I’m glad you posted this as I have been very curious about the Zu sound. In speaking with Sean over at Zu and what I’ve read, I would think rock and blues would be right up their alley.
What is your budget? It looks to be around $1500 - $3000 from the speakers you listed.
I don’t really have any recommendations for you. I’m sure folks will chime in here.
Bass is very room-dependent, hence the differing opinions on the bass output of various speakers. Why not just get a sub and cross the Zu over at 100hz or so, which will free up the Zu from having to produce low bass. Worth a try if it's bass you crave. As to a smooth treble, many rock and blues records are mixed pretty bright and when you play them back over a high-end speaker it becomes more obvious. I would try a sub first and see what happens rather than flailing around hoping someone recommends a speaker you can live with.
Room acoustics matter a great deal. They can tighten up the bass and smooth out the treble.
For the latter, use blankets, and try throwing some around on the floor, behind and between your speakers, as well as adding pillows above your sofa, etc. Not permanently, of course. For that I suggest you talk to GIK.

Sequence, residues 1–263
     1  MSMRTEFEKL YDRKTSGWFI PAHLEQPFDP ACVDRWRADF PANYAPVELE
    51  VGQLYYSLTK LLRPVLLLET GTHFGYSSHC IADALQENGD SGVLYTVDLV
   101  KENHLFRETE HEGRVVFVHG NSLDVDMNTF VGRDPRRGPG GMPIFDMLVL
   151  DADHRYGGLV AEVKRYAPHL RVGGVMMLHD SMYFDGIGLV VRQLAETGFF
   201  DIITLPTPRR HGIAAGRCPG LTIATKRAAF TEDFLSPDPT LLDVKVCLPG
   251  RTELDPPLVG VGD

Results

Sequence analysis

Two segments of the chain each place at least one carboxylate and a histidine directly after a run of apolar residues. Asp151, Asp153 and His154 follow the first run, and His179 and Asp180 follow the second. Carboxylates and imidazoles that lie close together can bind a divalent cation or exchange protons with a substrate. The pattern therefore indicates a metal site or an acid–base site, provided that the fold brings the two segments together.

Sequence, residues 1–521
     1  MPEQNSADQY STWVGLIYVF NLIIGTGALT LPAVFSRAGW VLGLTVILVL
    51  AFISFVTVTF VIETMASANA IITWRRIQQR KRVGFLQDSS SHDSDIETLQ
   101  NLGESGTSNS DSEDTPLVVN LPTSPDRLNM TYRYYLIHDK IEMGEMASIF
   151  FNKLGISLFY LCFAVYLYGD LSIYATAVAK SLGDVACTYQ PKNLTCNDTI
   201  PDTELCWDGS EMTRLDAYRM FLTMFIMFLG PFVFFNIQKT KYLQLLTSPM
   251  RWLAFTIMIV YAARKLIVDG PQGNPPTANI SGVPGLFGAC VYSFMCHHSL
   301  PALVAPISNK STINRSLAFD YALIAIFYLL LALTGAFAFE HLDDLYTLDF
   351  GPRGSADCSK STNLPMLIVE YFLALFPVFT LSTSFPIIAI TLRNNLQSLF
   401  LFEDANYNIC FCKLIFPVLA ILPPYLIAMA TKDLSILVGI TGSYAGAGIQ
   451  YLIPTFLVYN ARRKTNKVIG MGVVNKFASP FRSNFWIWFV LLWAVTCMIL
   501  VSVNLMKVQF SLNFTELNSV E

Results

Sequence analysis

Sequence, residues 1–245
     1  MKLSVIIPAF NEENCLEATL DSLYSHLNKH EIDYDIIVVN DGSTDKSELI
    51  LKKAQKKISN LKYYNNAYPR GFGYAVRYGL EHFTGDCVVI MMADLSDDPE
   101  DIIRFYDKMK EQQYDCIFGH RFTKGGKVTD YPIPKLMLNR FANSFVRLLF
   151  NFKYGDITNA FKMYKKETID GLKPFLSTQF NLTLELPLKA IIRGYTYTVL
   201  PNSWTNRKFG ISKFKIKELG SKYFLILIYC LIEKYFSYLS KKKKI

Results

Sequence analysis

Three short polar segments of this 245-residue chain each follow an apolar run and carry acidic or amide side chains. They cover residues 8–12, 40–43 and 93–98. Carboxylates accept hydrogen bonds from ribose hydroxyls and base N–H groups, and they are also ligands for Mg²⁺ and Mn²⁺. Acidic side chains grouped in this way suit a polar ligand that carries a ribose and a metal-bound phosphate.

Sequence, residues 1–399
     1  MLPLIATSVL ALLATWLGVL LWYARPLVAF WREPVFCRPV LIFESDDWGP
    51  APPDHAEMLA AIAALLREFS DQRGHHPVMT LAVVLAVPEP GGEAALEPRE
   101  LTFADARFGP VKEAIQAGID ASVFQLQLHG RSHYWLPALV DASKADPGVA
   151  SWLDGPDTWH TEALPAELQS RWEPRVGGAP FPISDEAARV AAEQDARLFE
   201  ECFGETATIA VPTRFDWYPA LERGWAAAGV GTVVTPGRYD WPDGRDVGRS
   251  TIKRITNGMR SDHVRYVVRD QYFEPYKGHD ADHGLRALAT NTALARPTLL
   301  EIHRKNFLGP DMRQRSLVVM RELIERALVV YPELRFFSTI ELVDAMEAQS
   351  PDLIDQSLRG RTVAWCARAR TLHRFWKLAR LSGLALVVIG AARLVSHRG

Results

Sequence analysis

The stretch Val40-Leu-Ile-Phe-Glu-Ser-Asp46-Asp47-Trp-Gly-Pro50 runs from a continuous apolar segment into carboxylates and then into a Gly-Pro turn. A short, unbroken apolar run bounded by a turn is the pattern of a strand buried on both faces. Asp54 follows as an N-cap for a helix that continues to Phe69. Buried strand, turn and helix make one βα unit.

Hate the GE speakers. The opposite of smooth and balanced, and I don't care what the reviewers say.
Good luck! I thought I wanted full range bass in my music room so I grabbed my dolly and brought my ht sub into the room and using test tones I got flat results down to 20 hz and with the freedom to move the mains out I was also able to get the peaks down to a couple db. End result? probably the least musical experience ever! all I could focus on was how much crap in my room rattled! For music I found I actually prefer speakers that roll off around 60 hz for most recordings. Put some treatments on the first reflection points to tame the bright also playing with toe in helps. I had a pair of speakers that actually had to be pointed at my opposite shoulders to tame the treble.
Let me throw this out for your consideration...the ear/brain wants to hear a balance....bass and treble. If for some reason...room, speakers, positioning, etc. there is not enough bass, then the treble is perceived by the brain as being "too bright".